Rewarded with a seat on the ANC’s national executive committee (NEC), Dlamini now finds himself in a very powerful position, with Vavi increasingly walking on politically thin ice in a complete reversal of roles.
Other union leaders were rewarded with NEC positions. In an earlier example of this patronage, teacher and trade unionist Thulas Nxesi was first appointed as a deputy minister and then minister of public works.
Also rumoured is the involvement of the state intelligence agencies in allegedly setting up Vavi in respect of the suggested Cosatu investigation.
And they, together with the police, are currently controlled by Zuma’s close associates previously active in the ANC underground and Operation Vula, which almost scuppered South Africa’s negotiated political settlement in the 1990s. Zuma then played a significant role as intelligence chief.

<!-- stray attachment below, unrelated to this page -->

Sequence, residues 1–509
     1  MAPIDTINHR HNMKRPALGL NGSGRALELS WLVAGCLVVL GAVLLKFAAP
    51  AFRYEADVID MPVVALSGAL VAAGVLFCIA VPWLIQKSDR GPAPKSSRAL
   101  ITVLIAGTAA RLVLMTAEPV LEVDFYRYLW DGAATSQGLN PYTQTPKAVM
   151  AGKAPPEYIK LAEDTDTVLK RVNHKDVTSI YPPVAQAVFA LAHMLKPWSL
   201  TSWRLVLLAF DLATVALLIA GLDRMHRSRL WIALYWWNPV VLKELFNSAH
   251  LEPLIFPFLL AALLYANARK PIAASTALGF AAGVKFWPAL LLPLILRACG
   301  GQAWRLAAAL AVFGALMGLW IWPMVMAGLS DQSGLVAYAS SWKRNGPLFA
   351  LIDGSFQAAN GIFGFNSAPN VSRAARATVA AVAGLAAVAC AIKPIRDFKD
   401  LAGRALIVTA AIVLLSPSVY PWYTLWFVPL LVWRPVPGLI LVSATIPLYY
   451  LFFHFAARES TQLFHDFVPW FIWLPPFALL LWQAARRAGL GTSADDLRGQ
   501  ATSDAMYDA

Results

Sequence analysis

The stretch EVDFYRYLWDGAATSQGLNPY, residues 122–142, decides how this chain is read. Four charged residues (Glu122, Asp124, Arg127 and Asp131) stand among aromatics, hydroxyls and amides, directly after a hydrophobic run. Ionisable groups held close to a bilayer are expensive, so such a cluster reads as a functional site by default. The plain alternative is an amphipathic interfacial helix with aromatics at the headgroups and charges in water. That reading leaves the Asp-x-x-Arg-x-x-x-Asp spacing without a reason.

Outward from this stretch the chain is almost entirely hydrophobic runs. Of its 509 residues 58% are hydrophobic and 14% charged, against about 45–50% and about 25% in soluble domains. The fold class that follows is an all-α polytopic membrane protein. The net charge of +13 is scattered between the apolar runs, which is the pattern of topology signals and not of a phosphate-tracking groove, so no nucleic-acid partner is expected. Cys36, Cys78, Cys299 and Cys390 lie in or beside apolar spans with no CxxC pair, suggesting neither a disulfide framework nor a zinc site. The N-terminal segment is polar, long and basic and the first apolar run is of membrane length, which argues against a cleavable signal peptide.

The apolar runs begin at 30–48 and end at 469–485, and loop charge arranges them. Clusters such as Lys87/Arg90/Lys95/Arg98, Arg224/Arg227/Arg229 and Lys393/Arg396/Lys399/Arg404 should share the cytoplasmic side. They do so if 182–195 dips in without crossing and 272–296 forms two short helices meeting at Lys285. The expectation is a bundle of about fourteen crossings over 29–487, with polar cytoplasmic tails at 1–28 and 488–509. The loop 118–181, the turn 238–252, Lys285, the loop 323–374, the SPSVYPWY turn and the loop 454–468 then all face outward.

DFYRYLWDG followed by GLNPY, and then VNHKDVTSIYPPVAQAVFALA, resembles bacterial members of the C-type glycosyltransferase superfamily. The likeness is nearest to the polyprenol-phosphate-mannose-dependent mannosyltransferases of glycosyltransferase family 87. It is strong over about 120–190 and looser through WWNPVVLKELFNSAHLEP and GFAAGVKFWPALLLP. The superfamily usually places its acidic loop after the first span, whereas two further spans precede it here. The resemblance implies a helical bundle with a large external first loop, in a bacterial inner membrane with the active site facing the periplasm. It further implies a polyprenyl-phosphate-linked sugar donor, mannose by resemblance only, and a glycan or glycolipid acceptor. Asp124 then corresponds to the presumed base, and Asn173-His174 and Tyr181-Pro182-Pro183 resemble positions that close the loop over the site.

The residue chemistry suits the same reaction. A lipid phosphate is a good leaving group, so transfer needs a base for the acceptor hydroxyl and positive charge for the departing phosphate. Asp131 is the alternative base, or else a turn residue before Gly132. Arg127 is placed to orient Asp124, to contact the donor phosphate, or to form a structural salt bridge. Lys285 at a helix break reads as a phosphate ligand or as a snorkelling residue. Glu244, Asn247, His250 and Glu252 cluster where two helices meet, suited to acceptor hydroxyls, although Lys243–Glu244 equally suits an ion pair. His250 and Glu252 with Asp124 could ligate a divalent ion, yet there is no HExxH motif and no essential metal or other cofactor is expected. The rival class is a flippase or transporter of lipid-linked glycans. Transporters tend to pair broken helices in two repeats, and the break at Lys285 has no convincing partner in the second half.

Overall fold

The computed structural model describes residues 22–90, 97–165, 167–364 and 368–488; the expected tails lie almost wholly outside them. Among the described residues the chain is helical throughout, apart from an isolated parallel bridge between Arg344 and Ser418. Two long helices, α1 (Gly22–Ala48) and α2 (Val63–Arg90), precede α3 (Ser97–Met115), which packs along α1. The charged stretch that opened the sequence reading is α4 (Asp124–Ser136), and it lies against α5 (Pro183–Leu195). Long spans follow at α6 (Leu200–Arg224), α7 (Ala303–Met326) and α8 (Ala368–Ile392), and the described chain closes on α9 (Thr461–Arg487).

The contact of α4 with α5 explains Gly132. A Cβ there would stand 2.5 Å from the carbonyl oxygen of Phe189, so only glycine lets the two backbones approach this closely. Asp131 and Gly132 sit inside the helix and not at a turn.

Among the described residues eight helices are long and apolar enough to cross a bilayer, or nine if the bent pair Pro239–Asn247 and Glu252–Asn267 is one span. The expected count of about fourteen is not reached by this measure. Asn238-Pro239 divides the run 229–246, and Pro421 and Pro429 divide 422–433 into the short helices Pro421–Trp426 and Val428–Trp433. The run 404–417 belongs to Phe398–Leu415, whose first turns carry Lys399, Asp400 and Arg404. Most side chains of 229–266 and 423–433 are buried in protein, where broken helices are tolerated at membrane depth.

It was also the intelligence agencies with their so-called ‘spy tapes’ that got Zuma off the hook of having to face corruption charges in court.
At present there are clearly two centres of power and influence within Cosatu, with negative results for the federation.
Already squeezed badly by the fallout of global and local economic conditions of recent years – resulting in job losses, declining membership figures and finances – the energy-sapping involvement in ANC politics saw the federation and its affiliated unions fast losing credibility on the ground.
Independent unions have been stepping into this gap, sometimes with disastrous consequences all round. The most notable example is that of the Association of Mineworkers and Construction Union (Amcu), which launched a series of wildcat strikes on the platinum mines – resulting in the Marikana tragedy, among others.